Coyotes and Persimmons

As persimmon fruits (Diospyros virginians) begin to ripen in Georgia in September, their seeds start to commonly appear in coyote scat. Despite the fact that these trees might be few and far between across the landscape, coyotes apparently seek them out and make these fruits a staple of their autumn diet.

Ripe persimmons have a pleasant taste to us, but unripe persimmons are loaded with tannins, which makes them highly astringent and bitter as the tannins bind to natural proteins in the mouth. Try one and taste it for yourself!

Nevertheless, coyotes don’t just wait for persimmons to be at their ripest and brightest color when the bitter taste has diminished, but rather they consume these fruits as soon as they become available. Either the astringency does not bother them or the coyote’s lack of color vision makes it difficult to distinguish ripe from unripe fruit.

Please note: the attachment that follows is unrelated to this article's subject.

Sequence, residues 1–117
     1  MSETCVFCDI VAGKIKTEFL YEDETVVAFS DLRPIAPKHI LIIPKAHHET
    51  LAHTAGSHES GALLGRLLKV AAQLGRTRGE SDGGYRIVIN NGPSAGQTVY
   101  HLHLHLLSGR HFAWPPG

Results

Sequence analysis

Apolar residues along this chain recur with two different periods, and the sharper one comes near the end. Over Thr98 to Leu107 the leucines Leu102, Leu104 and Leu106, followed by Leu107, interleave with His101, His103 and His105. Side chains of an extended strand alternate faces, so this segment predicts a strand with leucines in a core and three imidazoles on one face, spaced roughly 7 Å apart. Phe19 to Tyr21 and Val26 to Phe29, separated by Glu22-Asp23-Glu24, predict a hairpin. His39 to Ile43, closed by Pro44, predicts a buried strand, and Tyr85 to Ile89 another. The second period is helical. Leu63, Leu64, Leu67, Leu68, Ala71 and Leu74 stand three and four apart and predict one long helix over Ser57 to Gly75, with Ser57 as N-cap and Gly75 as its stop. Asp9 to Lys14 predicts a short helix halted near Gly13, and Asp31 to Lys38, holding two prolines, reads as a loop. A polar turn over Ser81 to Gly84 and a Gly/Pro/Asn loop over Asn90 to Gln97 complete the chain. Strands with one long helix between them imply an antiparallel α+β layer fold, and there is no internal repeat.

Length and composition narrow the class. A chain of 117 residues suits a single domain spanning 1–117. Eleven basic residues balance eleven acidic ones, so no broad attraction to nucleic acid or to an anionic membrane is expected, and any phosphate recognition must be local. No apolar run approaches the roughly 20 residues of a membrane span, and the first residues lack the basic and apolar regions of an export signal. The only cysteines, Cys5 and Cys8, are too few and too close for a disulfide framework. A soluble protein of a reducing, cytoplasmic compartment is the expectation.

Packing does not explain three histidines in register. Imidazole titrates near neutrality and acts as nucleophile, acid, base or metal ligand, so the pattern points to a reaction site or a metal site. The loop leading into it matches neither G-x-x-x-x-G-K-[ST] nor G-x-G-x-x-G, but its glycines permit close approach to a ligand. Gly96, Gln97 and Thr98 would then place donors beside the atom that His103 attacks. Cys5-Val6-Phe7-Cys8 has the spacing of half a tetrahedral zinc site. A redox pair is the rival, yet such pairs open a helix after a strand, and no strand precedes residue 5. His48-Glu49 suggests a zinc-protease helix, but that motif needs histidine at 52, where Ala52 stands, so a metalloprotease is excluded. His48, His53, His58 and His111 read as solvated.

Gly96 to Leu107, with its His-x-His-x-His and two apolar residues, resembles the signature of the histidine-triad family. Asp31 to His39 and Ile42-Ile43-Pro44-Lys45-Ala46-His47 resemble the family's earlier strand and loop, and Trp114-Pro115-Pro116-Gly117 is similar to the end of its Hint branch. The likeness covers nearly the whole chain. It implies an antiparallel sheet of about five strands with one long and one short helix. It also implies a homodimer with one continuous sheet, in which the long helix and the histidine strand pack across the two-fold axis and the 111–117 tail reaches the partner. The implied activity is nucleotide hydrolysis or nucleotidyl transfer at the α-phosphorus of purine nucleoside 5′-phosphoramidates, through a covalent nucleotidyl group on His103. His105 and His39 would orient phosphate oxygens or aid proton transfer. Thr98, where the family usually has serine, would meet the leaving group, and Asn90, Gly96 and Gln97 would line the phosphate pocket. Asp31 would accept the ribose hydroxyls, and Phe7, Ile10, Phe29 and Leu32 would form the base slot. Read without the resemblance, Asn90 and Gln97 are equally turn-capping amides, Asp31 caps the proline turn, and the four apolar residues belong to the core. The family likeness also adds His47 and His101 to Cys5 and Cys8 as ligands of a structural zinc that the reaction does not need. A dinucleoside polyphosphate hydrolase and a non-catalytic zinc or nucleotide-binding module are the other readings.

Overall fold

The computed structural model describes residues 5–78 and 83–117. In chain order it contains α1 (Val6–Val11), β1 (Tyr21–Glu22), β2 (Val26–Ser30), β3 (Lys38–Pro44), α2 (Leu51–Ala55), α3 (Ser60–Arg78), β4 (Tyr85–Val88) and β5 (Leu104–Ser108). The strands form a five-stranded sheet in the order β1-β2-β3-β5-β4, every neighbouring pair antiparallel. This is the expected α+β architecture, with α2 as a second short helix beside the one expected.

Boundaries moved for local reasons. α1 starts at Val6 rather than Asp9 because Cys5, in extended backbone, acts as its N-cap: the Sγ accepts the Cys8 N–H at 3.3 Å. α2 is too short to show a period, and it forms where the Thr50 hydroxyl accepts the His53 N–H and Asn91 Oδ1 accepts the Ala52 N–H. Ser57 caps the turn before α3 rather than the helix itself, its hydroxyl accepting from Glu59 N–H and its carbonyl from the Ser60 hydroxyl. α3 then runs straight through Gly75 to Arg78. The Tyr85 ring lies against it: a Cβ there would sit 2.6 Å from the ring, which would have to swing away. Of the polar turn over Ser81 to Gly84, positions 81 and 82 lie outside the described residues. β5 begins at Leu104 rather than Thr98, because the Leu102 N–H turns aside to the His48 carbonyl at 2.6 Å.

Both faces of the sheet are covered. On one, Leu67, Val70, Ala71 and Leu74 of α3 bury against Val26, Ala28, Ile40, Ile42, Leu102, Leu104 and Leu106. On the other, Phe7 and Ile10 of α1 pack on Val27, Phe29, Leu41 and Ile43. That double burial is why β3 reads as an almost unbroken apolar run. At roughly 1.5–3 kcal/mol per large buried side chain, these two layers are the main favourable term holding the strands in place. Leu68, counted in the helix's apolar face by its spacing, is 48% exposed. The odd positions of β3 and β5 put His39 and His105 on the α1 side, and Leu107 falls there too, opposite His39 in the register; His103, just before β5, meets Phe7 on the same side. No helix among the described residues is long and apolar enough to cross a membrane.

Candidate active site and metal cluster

The photos above show persimmon fruits in various stages of development as they turn from unripe green to a fully ripe reddish-orange. The trees occur as separate sexes, so only the female trees bear fruit.  Their bark and overall size is similar to that of a dogwood tree.  Also pictured are coyote scats (droppings) containing persimmon seeds, as well as muscadine grapes (Vitis rotundifolia), which are also consumed by coyotes at this time of year.

The Atlanta Coyote Project Could Use Your Help.

If you a) know of persimmon trees in your area, b) want to help us to learn more about how coyotes exploit this resource, and c) own a trail camera, please consider becoming a “citizen scientist” and deploying your camera at a persimmon tree for the next several weeks and let us know what you get.

© 2020 Atlanta Coyote Project